interview with graphic designer erich brechbühl



erich brechbühl is a swiss graphic designer based in lucerne. he’s an agi member best known for his experimental type-driven posters. he’s also the co-founder of the poster festival weltformat.



designboom: what originally made you want to become an graphic designer?


erich brechbühl: from a young age I knew that I wanted to do something creative. as a teenager, me and my friends made short movies with which we had some success at youth film festivals. but I soon found out that professional film making is a lot of work. being a graphic designer looked like a lot more fun to me, because the results of your creative work are almost instant.


after a 4-year-apprenticeship as a typographer, where I learned all the technical stuff, I had the opportunity to do a second apprenticeship as a graphic designer at the studio of the famous poster designer niklaus troxler. there I was infected by his passion for posters. after this I opened my own studio in lucerne.

silence of the dance, 2015
in collaboration with kim migliore



DB: how would you describe your approach to design?


EB: my approach is to always be as open minded as possible. I want to be inspired by the content of the assignment. I love to get lost in the design problem to find a new surprising solution. I’m also not afraid to fail. because I create a lot of posters in a short time, I had to learn that not every project can be a masterpiece. it’s better if you see them as experiences that can allow you to grow.


welcome to lucerne, 2015



DB: who or what has been the biggest single influence on your way of thinking?


EB: my master niklaus troxler is still my biggest influence. he taught me to stay curious and not to seek a specific style. I think it’s the best attitude for a graphic designer; in that way the job never gets boring. my most recent influence is my good friend felix pfäffli, with whom I share my studio. his way of creative thinking challenges me and my design process a lot.



oedipus colonus antigone, 2015



DB: what would you say is your strongest skill and how have you honed that skill over the years?


EB: probably that I try to start with every project completely from scratch. because of that I’m interested in all possible design problems; every problem is a new challenge. I’m always focussed on arriving at the most simple solution.

pilatus, 2015



DB: what type of brief or project do you enjoy working on the most and why?


EB: projects that involve a new topic for me. that’s why I love doing theatre posters. every piece comes with completely new content on which I can build up my visual idea.

midsummer nights dream, 2014



DB: what are your thoughts on specialisation vs generalisation?


EB: I never wanted to be a specialist. maybe some people feel comfortable with that, but for me it would be like resignation. I embrace every new design problem and that keeps myself dynamic.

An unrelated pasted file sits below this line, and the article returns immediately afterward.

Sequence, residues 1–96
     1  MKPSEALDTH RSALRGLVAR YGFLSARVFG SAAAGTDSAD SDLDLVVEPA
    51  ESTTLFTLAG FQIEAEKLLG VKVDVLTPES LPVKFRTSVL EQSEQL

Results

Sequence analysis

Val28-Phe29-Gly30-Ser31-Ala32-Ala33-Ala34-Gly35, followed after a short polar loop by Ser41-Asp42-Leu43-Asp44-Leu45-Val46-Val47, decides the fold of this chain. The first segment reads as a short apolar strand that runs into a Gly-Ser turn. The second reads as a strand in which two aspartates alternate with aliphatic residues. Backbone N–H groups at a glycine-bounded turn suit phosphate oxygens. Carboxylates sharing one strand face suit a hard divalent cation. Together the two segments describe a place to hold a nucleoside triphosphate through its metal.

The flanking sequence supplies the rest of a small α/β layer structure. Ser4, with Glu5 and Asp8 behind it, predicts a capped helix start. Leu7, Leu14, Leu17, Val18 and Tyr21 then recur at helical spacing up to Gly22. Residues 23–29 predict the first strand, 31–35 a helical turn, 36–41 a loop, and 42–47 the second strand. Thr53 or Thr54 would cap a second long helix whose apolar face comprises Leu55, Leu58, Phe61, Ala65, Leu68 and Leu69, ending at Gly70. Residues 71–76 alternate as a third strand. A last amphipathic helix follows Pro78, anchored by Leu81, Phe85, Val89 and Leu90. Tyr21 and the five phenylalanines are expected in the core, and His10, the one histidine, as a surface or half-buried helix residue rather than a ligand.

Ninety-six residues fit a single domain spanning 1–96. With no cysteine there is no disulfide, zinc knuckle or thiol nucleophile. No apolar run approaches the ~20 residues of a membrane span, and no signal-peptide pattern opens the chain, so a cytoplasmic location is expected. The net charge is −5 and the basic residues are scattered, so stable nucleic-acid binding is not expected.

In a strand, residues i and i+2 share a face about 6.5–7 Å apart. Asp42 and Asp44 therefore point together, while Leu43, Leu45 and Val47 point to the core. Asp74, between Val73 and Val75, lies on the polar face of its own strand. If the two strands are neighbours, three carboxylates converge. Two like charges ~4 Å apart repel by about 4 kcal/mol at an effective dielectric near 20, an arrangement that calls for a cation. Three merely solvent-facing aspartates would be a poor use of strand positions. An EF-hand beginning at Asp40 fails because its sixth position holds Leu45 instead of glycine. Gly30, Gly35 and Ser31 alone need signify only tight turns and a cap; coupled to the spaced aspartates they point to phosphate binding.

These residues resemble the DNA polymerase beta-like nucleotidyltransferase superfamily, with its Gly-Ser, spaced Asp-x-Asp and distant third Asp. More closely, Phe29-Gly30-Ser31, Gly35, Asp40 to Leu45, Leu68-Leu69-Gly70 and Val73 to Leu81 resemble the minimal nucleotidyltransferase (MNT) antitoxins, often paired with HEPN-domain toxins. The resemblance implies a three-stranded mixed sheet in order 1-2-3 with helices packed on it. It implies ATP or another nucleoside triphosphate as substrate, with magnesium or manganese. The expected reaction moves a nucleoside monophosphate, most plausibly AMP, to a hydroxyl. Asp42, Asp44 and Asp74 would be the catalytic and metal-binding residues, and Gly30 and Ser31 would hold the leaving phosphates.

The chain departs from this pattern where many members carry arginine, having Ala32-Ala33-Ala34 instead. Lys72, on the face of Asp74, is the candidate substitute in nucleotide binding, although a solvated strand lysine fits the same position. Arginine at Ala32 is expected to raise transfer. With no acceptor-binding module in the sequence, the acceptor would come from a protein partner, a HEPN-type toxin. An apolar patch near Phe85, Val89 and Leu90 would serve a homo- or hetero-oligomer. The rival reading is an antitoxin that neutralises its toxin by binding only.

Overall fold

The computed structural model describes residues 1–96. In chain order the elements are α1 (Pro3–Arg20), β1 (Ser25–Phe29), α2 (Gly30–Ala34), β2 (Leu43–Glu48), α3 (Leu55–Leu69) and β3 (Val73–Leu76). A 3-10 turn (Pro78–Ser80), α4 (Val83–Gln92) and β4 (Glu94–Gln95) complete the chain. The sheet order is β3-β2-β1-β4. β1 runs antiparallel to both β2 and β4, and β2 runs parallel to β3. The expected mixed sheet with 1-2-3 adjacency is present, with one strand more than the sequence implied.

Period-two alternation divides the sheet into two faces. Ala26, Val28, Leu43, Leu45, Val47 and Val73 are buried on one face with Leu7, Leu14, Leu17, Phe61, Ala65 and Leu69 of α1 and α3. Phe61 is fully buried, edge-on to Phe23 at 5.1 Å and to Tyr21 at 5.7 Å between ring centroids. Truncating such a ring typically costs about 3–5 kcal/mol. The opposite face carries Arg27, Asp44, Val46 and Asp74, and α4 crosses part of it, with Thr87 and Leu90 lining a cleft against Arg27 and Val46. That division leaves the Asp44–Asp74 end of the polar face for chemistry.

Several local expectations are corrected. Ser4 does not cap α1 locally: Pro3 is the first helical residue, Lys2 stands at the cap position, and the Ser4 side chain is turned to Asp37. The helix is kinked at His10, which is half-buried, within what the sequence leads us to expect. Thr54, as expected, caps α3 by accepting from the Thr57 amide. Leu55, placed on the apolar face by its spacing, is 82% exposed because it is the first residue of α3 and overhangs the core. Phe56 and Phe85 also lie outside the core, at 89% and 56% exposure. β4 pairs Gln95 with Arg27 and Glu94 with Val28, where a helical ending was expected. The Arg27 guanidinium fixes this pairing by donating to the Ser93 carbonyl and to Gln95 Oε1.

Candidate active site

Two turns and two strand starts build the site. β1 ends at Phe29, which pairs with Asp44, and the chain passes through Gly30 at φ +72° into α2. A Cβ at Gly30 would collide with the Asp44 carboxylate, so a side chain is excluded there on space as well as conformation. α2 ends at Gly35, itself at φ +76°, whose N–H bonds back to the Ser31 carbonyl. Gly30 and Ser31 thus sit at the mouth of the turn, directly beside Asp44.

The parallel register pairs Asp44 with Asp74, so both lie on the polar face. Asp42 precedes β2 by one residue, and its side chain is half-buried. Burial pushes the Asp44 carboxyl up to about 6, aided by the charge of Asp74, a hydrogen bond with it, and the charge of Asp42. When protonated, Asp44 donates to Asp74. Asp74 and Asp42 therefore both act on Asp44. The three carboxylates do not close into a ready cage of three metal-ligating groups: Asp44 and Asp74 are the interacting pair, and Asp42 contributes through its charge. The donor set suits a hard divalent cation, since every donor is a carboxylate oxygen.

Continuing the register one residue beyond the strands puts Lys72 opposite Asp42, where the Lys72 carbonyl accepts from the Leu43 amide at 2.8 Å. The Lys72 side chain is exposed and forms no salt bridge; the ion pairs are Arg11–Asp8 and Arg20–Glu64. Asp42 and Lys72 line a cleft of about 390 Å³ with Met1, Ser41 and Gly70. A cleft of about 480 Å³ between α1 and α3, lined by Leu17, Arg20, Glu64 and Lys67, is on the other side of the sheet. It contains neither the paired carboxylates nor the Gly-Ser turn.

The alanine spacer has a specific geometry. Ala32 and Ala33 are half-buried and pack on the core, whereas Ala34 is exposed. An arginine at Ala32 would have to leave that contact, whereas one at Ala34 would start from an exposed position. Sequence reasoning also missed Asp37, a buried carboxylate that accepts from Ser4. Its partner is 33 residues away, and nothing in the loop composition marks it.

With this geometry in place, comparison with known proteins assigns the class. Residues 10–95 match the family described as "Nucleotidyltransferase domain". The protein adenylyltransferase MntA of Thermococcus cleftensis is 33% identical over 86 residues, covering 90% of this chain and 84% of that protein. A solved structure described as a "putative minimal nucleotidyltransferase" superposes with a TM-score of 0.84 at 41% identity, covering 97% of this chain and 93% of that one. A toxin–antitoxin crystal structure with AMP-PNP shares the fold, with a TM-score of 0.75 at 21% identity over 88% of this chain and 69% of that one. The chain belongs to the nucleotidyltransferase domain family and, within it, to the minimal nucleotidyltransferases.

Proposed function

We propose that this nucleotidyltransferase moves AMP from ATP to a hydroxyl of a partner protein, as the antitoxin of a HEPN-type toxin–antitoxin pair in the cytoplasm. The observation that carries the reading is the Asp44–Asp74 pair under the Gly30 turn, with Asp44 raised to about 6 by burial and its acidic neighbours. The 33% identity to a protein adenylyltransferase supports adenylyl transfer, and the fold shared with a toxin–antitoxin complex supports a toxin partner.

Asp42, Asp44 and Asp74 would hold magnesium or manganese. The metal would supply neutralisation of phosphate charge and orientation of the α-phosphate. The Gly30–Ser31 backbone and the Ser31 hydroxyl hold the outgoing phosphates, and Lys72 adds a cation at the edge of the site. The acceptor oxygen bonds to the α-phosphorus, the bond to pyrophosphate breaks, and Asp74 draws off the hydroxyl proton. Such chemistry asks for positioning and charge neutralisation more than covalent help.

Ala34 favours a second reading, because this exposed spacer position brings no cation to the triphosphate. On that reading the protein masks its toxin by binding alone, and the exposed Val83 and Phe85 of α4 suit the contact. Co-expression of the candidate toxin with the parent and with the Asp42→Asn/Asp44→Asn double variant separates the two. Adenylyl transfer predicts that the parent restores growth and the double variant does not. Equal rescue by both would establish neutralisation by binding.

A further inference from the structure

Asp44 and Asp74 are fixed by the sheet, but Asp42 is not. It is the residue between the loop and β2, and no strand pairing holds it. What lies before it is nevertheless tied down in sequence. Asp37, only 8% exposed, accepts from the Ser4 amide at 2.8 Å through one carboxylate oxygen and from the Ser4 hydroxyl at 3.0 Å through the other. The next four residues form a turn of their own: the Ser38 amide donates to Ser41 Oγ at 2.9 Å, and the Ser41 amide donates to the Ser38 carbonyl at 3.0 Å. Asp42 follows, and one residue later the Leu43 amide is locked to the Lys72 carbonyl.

salzhaus, 2014



DB: how do you think online design resources have influenced the graphic design being produced today?


EB: most of all how design is created. at the moment you can find a lot of self generated graphic design that follows trends. there are some really interesting results. but there’s also a lot of bad stuff. an algorithm itself can’t hide bad design.

the matterhorn is beautiful, 2013



DB: what are you currently fascinated by and how is it feeding into your work?


EB: right now I’m organising an exhibition about poster design from south korea during our poster festival weltformat in lucerne (sept. 26 – oct. 4). the korean designer kim do-hyung made a nice selection of contemporary posters. I’m really fascinated about the freshness of these posters. after decades of fascination about bauhaus and swiss graphic design, young korean designers are now finding their own visual language, based on their culture. it reminds me to stay open and always search for new ways to do things.

between me and tomorrow, 2012



DB: what are you passionate about besides your work?


EB: I like to push myself and my interests as far as possible. for instance, I co-founded the poster festival ‘weltformat’ in 2009 together with some other fellow graphic designers from lucerne. since then we’ve also curated exhibitions abroad (russia, germany, france, korea, japan). we also organize an event in an old municipal indoor swimming pool in lucerne called ‘neubad’, that’s become a vivid meeting place for creative people. all of these projects are on voluntary basis and I love them because I get to meet a lot of passionate people.


100 times im sctei, 2005



DB: do you have any superstitious beliefs or rules that you live by?


EB: I believe what you give is what you get. I’m not a religious person, but the karma concept always worked really well for me. if you don’t judge people by their looks and stay open and friendly, people will treat you with the same respect.



DB: what’s the best piece of advice you have heard and repeat to others?


EB: niklaus troxler told me about his way of composing a poster: 


‘it’s always good to go with the subject as big as possible until it touches the edges of the format. that makes the poster bigger and louder than the others beside of it.’ I always like to share this knowledge with students.



DB: what’s your personal motto?


EB: let’s push things forward.